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Advances for Indoor Fitness Tracking, Coaching, and Motivation: A Review of Existing Technological Advances

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There is growing consumer demand for digital technologies that help users track, motivate, and receive coaching for both aerobic and anaerobic activities. In this article, we provide a review of existing technological advances in tracking, coaching, and motivating users during indoor training in contexts such as gymnasiums. This study lists the advantages and limitations of various apparatuses and applications used for this purpose. Our review and discussion are intended to help entrepreneurs and engineers improve their products to better meet users? needs and aid researchers in identifying potential new areas.
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4 IEEE SYS TEMS , MAN, & CYBE RNET ICS MAGAZ INE January 2021
Digital Object Identifier 10.1109/MSMC.2020.3017936
Date of cur rent version: 14 Januar y 2021
There is growing consumer demand for digital
technologies that help users track, motivate,
and receive coaching for both aerobic and
anaerobic activ ities. In this article, we pro-
vide a review of existing technologica l
advances in tracking, coaching, and motivating users
during indoor training in contexts such as gymnasiums.
This study lists the advantages and limitations of various
Advances for
Indoor Fitness
Tracking, Coaching,
and Motivation
by Tianyi Wang, Yanglei Gan,
Scott D. Arena, LubomirT.Chitkushev,
Guanglan Zhang, and
Reza Rawassizadeh
A Review of Existing Technological Advances
©SHUTTERSTOCK.COM/FLAMINGO IMAGES
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January 2021 IEEE SYS TEMS , MAN, & CYBE RNETICS MAGAZ INE 5
apparatuses and applications used for this purpose. Our
review and discussion are intended to help entrepreneurs
and engineers improve their products to better meet
users’ needs and aid researchers in identifying potential
new areas.
Indoor Physical Activities
Due to the rapid growth of urbanization, many populations
participate in sports and training in indoor environments,
chiefly gyms. Physical activ ity fosters well-being and
reduces the risk of various chronic
diseases. As cases of diabetes [1]
and cardiovascular disease [2] are
on the rise worldwide, the demand
for gyms has continually increased.
The U.S. fitness industry is estimat-
ed at a US$30 billion value and has
been growing at an annual rate of
3–4% over the past 10 years [3].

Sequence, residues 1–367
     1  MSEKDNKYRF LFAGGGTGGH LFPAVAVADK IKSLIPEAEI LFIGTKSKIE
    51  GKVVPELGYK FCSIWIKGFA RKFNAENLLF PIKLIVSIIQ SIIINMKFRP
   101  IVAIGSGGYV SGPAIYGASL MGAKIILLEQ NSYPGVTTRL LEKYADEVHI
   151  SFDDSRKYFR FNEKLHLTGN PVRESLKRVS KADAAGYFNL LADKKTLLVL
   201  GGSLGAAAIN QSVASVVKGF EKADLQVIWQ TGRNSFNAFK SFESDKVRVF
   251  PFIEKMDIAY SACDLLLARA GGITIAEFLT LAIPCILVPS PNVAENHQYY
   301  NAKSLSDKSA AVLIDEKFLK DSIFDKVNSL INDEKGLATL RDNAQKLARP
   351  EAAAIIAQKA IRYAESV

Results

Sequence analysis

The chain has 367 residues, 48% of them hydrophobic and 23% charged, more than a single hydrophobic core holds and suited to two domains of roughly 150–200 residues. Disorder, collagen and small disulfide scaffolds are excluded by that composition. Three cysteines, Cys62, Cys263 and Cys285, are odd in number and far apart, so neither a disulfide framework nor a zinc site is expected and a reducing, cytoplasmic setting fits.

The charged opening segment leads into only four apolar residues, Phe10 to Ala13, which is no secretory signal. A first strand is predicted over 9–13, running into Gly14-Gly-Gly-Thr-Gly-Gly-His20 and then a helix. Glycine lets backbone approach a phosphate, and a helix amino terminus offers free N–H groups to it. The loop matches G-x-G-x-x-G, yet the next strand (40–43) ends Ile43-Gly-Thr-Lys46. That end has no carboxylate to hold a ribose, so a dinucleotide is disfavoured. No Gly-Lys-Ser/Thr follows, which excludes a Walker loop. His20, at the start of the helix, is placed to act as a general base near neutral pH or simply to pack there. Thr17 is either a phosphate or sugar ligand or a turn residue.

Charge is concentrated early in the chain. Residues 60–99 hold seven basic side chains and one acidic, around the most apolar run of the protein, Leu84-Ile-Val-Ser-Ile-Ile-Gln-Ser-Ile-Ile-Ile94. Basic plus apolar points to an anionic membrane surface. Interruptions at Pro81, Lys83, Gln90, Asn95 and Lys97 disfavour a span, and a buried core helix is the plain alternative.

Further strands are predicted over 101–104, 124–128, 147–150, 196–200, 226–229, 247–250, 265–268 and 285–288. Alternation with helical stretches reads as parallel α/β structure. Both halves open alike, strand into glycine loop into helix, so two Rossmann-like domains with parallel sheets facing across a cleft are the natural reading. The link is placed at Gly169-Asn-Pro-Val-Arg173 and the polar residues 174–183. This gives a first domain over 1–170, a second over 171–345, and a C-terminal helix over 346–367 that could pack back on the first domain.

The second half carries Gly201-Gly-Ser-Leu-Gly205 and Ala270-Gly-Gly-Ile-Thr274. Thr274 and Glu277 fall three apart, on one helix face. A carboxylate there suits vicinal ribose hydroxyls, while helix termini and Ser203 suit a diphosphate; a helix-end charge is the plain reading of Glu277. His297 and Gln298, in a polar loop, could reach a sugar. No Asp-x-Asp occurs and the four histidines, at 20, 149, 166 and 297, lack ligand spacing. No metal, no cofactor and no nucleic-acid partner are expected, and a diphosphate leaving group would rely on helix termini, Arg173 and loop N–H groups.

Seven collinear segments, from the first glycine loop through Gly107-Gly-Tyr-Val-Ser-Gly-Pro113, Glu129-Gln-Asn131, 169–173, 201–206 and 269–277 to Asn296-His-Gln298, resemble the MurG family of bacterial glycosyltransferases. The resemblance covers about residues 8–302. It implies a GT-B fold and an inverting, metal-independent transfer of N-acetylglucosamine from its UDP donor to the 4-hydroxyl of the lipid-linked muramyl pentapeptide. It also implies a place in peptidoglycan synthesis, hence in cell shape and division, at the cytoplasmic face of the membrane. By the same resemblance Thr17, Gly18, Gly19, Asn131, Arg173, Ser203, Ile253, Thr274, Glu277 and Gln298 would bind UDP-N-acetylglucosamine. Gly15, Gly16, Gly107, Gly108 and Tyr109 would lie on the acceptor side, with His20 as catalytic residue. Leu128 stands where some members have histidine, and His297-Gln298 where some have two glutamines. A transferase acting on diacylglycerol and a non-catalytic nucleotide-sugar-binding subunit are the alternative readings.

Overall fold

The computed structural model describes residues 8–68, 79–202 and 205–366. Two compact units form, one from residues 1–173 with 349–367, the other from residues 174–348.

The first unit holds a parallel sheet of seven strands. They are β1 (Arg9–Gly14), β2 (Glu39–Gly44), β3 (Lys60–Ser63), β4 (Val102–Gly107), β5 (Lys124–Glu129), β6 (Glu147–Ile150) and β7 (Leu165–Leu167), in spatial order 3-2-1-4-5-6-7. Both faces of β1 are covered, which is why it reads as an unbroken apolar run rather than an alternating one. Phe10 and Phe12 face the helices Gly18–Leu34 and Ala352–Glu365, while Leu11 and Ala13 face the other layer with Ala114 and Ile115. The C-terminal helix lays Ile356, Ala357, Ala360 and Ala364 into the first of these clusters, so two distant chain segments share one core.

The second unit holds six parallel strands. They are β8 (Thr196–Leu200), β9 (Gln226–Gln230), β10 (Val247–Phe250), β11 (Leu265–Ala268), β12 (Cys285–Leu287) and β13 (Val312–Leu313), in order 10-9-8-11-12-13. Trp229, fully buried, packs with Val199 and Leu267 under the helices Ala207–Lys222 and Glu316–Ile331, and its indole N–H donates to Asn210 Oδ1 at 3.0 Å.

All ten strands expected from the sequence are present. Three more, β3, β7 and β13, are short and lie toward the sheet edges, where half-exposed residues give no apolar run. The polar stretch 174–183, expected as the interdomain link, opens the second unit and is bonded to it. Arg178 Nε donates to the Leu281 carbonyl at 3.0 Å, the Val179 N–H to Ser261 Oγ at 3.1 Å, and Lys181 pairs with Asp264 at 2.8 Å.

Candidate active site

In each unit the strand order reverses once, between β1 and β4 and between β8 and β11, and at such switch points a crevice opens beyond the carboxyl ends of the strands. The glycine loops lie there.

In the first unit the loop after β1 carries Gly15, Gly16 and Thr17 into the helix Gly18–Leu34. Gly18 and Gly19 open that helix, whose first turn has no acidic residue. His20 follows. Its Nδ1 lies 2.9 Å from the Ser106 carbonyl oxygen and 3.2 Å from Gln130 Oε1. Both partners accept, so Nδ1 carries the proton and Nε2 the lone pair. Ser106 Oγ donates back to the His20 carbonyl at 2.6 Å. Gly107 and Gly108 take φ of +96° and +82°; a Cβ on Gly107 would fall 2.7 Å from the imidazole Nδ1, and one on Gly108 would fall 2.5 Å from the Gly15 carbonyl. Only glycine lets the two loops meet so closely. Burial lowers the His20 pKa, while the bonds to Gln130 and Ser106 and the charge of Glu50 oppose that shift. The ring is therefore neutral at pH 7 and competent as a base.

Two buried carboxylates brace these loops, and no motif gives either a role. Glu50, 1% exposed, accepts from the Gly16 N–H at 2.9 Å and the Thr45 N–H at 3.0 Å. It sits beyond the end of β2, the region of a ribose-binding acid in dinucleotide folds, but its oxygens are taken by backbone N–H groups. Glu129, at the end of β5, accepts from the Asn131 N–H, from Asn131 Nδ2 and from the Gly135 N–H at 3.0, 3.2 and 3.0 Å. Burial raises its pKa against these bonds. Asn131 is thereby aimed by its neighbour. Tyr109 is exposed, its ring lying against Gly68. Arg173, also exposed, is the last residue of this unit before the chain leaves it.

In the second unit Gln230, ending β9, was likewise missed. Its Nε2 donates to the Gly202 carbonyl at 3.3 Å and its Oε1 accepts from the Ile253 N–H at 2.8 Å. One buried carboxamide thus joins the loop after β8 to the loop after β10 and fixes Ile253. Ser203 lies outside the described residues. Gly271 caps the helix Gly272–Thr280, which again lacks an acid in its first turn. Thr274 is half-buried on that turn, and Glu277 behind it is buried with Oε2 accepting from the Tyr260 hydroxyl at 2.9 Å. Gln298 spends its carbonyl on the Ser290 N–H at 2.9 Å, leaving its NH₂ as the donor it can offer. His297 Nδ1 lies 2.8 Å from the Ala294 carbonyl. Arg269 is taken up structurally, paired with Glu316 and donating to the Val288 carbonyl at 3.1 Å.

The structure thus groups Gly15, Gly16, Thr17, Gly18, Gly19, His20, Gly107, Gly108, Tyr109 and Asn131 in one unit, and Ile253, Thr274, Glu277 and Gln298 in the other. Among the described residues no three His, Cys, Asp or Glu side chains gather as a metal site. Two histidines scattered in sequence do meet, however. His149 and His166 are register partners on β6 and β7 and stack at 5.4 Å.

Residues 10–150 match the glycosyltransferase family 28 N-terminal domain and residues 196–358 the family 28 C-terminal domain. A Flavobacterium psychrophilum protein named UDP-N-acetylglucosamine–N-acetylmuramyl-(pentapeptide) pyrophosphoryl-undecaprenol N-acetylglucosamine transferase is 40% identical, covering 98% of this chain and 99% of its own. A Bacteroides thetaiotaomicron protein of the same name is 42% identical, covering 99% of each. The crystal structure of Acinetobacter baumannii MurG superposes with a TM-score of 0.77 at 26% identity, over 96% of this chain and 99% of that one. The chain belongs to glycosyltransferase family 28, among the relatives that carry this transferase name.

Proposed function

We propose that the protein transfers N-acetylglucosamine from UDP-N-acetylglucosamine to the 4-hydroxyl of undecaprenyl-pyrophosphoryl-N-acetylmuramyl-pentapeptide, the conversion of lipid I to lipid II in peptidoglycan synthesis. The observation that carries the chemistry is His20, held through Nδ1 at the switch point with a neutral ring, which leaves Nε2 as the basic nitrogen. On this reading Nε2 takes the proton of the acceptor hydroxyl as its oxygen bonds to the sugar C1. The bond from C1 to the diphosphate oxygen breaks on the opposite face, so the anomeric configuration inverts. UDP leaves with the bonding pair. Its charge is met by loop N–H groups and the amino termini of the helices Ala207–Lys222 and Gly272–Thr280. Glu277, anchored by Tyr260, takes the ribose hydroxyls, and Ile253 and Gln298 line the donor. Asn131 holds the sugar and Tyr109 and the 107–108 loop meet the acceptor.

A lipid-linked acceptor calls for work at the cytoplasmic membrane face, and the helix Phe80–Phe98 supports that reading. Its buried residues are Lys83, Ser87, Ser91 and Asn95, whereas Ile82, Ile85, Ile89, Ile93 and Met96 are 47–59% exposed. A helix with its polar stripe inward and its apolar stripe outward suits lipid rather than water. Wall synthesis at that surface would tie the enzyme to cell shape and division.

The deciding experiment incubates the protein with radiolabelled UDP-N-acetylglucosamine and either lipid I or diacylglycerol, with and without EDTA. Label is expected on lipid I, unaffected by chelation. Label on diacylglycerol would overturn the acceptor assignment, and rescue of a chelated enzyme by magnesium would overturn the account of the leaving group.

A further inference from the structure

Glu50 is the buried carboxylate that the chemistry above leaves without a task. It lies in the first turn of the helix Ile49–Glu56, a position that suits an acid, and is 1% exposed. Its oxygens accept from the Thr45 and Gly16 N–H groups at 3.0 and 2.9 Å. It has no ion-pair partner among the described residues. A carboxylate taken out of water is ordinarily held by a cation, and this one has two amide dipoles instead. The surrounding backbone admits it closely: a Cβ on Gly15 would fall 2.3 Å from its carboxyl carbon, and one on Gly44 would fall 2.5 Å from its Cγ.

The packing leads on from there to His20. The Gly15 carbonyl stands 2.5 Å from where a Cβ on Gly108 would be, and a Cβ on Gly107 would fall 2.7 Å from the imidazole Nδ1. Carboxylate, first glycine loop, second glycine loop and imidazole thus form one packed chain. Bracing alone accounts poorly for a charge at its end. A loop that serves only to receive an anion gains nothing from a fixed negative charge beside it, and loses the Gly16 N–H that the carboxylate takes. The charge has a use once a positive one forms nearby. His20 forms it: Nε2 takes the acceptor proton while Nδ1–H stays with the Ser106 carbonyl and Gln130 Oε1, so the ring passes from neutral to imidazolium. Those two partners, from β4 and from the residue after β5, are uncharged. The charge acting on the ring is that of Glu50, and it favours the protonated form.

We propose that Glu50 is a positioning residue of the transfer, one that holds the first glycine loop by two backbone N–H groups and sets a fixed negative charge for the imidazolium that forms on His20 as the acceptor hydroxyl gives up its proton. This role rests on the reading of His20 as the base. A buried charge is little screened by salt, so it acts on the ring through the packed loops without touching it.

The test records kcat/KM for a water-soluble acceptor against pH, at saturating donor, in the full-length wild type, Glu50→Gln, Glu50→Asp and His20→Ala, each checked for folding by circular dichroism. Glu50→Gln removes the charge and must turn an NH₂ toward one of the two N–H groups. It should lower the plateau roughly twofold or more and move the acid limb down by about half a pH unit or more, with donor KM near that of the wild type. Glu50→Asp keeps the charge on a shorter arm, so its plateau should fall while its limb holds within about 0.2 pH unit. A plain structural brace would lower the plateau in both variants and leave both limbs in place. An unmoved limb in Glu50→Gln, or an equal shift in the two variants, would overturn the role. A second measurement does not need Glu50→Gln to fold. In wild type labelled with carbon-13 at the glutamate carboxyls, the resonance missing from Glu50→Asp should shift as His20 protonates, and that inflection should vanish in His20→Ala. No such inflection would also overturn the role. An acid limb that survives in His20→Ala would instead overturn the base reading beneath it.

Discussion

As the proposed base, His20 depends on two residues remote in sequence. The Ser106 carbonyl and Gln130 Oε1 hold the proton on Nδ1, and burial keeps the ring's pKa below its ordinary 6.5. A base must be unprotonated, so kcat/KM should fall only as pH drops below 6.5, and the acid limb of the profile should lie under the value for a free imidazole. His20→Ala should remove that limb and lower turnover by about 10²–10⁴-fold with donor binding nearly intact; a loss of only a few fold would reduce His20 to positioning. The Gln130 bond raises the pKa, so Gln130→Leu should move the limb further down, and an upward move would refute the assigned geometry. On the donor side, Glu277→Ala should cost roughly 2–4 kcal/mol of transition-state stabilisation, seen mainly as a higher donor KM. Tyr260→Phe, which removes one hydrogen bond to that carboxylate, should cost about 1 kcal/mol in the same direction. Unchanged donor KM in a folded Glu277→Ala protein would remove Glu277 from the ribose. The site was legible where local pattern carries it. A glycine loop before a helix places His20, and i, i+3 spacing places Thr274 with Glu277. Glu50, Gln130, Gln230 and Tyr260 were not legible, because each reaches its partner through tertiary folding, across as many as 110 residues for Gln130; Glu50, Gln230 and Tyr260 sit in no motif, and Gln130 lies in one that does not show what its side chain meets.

This demand creates a large mar-
ket for digital apparatuses and
applications that assist users in
fitness tracking, coaching, and
motivation [4].
Indoor activities are usually
classified into two types: aerobic and anaerobic exercise.
Aerobic exercise, often known as cardio, is suitable for
users who want to lose weight and improve or maintain
their cardiopulmonary condition. Modern gyms and
homes use equipment such as treadmills, stair mills, row-
ing machines, and spin bikes, which support a variety of
aerobic exercise. Anaerobic exercise is primarily accom-
plished with weight training activities, which contribute
to training specific muscles. The U.S. Department of
Health and Human Services recommends incorporating
strength training exercise for all ma jor muscle groups into
a fitness routine at least twice per week [3], indicating
that it is as impor tant as aerobic exercise.
In par ticular, there are two types of equipment used
in the gym that apply to weight training: free weights
and fixed resistance. Despite the wide variety of technol-
ogies related to indoor physical activities, most existing
technologies are focused on fitness trackers and aerobic
exercise [5], while anaerobic exercise, such as weight
training, is underrepresented [6]. Therefore, we believe it
is crucial to outline the latest advancements related to
indoor fitness and list the potential areas for further
improvement to contribute to the research and engineer-
ing communities’ work in this area. To have a better
understanding of the challenges and opportunities in
this area, the first par t of this article introduces existing
systems. First, we describe data collection tools a nd
methods, including applications and sensors. Next, we
present different approaches to motivate users to per-
form and stay committed to physical exercise. This
includes a brief review of the coaching tools that employ
artificial agents or real humans to coach users, social-
ization approaches that support users in communicating
and competing with each other, and gamification and
exergaming approaches intended to promote healthy
lifestyles and fitness activ ities. Afterward, we explore
the interaction interfaces used in these systems as a sub-
section of motivational advances.
The latter part of this article lists the challenges and
opportunities that we identified, which can help the
research and the engineering community move forward in
this promising direction, with an
eye toward further advancements.
Existing Systems
Data Collection Tools
Most technological advances have
focused on data collection. Here,
we provide a brief overview of the
types and characteristics of sen-
sors used for data collection.
Sensor Classification
The core of data collection devic-
es is their sensors, and existing